Improved fishway and lower river flow increase salmon migration hopes to rock slide in British Columbia



VANCOUVER _ Fisheries officials say they expect thousands of migrating salmon to pass through an area where a massive landslide hampered them on the Fraser River in B.C. after structural changes to a waterway and lower anticipated flow rates.

They said at a press conference on Wednesday that they were confident that improvements over the past two years on the Big Bar slide north of Lillooet will allow more salmon to reach their spawning grounds this year.


Click to play the video:







Teams continue to work to clean the Big Bar slide


The teams continue to work on the clearance of the Big Bar slide – April 27, 2020

Michael Crowe of Fisheries and Oceans Canada said chinook salmon are good swimmers and should pass through the landslide without too many problems, but early arrivals of sockeye remain vulnerable in high water.

The story continues under the ad

He said that since the landslide, a protected road to help salmon navigate the landslide area has been built and a separate fish ladder has been built where the salmon will be placed in tanks and trucked to an area. calm after the slip.

“We know the restoration efforts to date are working because we have better crossing conditions than in the past,” he said. “This year is better than last year and last year is better than 2019, so our work is progressing and being successful.”

Read more:

Salmon should start arriving at Fraser River landslide soon: DFO

Crowe said they hope the nature-like fish pass will handle most of the salmon trying to get through the slip zone, especially large late runs.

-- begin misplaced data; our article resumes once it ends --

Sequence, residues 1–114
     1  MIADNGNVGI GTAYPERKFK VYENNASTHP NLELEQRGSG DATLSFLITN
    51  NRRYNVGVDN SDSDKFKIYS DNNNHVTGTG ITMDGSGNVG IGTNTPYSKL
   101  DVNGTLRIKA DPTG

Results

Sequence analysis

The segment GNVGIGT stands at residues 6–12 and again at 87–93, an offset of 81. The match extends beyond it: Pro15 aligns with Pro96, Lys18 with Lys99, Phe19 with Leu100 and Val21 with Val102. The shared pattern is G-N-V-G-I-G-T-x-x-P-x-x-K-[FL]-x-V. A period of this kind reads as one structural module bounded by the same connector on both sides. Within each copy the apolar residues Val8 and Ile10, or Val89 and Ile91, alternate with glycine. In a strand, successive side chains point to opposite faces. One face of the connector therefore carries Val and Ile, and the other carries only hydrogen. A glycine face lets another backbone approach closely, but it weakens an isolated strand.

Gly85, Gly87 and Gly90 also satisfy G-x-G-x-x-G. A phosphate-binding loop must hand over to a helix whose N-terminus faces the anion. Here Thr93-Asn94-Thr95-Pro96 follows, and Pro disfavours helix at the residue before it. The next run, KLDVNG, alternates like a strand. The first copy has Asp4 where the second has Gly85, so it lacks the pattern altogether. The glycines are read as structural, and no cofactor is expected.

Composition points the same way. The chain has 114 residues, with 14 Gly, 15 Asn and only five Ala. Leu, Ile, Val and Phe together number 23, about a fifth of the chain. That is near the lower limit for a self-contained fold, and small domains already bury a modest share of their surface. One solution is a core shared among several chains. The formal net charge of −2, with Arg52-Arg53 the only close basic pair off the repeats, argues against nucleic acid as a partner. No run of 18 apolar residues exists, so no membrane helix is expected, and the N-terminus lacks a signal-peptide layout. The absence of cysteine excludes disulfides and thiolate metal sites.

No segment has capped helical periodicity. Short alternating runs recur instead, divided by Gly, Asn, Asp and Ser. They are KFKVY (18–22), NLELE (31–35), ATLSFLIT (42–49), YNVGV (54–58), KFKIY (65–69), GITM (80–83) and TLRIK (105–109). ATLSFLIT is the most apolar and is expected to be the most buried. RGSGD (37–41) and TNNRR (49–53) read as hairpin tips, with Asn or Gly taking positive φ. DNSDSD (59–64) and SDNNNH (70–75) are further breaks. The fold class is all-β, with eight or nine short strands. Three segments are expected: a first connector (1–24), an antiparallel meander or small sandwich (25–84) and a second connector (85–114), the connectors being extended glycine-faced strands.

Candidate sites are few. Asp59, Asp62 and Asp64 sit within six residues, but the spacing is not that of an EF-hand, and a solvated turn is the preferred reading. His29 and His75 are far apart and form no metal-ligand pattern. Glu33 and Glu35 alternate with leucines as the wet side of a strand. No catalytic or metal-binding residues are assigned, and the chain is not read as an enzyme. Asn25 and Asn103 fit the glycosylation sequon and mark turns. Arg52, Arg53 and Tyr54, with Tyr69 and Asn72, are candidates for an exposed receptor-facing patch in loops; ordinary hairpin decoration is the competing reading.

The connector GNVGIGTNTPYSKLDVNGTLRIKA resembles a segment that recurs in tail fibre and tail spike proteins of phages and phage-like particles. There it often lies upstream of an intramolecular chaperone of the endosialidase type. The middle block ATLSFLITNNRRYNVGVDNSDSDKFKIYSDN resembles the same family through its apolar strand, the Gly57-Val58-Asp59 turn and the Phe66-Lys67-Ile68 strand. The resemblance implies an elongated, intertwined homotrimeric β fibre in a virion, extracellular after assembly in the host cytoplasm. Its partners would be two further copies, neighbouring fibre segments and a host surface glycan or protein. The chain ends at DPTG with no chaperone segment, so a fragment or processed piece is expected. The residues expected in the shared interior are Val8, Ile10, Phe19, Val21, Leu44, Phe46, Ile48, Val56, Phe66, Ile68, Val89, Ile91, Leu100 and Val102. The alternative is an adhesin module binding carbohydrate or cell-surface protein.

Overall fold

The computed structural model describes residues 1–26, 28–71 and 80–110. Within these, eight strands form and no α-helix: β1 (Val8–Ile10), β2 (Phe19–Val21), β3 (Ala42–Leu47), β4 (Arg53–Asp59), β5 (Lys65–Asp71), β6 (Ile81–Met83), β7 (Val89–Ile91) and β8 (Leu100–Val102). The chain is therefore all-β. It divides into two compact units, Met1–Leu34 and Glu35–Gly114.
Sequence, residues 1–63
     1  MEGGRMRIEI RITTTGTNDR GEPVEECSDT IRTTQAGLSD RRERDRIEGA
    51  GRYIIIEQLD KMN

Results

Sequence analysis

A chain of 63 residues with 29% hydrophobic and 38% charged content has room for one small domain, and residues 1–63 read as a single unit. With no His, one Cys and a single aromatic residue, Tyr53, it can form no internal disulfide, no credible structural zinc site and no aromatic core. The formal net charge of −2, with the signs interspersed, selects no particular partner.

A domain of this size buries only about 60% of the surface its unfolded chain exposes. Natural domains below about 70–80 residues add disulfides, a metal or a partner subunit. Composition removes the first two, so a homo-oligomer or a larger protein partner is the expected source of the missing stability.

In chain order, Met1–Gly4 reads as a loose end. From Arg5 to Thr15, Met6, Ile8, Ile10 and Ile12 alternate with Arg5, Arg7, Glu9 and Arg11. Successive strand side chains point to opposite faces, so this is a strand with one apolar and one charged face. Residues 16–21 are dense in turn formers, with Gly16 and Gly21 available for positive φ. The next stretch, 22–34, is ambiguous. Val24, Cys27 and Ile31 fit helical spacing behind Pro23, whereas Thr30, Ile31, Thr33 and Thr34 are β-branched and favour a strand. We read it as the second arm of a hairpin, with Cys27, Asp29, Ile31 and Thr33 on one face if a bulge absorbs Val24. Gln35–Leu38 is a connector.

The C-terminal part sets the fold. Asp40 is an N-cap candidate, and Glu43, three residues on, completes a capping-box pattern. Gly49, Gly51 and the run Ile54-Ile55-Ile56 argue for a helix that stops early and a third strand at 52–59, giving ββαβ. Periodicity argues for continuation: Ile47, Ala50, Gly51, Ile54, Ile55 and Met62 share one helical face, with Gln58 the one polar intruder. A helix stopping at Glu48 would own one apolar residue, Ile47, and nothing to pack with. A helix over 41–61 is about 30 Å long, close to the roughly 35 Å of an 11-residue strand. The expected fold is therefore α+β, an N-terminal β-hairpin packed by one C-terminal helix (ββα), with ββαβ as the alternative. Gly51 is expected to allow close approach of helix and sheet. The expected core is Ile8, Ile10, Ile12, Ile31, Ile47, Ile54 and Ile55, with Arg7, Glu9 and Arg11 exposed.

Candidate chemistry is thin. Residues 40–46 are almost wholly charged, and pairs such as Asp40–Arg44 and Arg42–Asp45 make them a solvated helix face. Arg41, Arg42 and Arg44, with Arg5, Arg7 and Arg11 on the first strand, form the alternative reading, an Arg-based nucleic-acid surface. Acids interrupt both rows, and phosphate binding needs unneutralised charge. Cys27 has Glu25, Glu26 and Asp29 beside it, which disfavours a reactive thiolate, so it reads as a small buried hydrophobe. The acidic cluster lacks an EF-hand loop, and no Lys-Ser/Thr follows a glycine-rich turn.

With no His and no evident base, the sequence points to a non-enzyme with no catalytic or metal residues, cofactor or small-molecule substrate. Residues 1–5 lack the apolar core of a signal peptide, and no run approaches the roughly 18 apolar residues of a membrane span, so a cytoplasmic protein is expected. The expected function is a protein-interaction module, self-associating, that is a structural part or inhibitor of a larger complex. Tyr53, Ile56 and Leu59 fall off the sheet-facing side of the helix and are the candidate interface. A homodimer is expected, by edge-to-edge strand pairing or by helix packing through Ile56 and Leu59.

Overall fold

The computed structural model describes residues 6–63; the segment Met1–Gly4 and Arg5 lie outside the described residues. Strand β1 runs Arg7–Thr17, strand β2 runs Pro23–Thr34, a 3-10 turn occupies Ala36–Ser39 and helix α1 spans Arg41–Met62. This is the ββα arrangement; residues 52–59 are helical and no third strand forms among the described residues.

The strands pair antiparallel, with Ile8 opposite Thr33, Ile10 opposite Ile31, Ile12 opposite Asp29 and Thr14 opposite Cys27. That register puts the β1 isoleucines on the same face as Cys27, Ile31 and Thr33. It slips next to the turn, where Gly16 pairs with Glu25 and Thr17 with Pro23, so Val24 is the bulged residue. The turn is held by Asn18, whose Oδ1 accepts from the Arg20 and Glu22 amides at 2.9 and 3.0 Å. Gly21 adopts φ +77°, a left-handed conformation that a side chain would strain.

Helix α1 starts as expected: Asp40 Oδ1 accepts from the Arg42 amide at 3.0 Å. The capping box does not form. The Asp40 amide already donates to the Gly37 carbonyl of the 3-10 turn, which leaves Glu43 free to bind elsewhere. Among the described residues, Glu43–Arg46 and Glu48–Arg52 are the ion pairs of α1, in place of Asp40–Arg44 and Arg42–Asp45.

“The special populations that number in the hundreds of thousands, and collectively the more than a million that we expect to see this summer.”

However, the future concern is to ensure that the area allows salmon to continue to cross each year, including seasons with high water levels, he said.

The fishway was built to be a protected, slower path that guides the salmon past the landslide area and back to the spawning grounds. Crowe said boulders and boulders were placed over the fishway to create tiny upstream resting areas for the salmon.

The story continues under the ad


Click to play the video:







Big Bar landslide could mean extinction of salmon runs in British Columbia


Big Bar landslide could mean extinction of B.C. salmon runs – November 30, 2019

The rocks were also placed to reduce the thrust of the tumultuous river, making it easier for the salmon to pass, Crowe said.

The slide in an isolated Fraser River canyon was discovered in June 2019. Over 85,000 cubic meters of rock broke off the 125-meter-high cliff in the river, creating a five-meter waterfall that trapped the salmon below.

Since then, fishworkers and other experts have tried to make it easier to get past the slide by trucking them, building a fish pass, blowing up rocks to widen the channel, and even using the Whooshh Passage Portal System, also known as the Fish Cannon, to propel salmon through a tube past the landslide.

Read more:

Plans underway for ‘salmon cannon’ to help fish clear landslide in British Columbia

The story continues under the ad

Fisheries officials told a House of Commons committee last summer that the first runs of Stuart sockeye and chinook salmon were wiped out because the fish couldn’t get past the slip zone.

Crowe said up to 18,000 Stuart sockeye are expected in the coming weeks and up to one million sockeye are expected to arrive later this summer.

This report by The Canadian Press was first published on June 23, 2021.

© 2021 The Canadian Press



Source link

Previous EU Data Protection Regulators Adopt Guidance on Personal Data Transfers | Mintz - Privacy & Cybersecurity Viewpoints
Next Luminar CFO aims to save money as company begins commercial production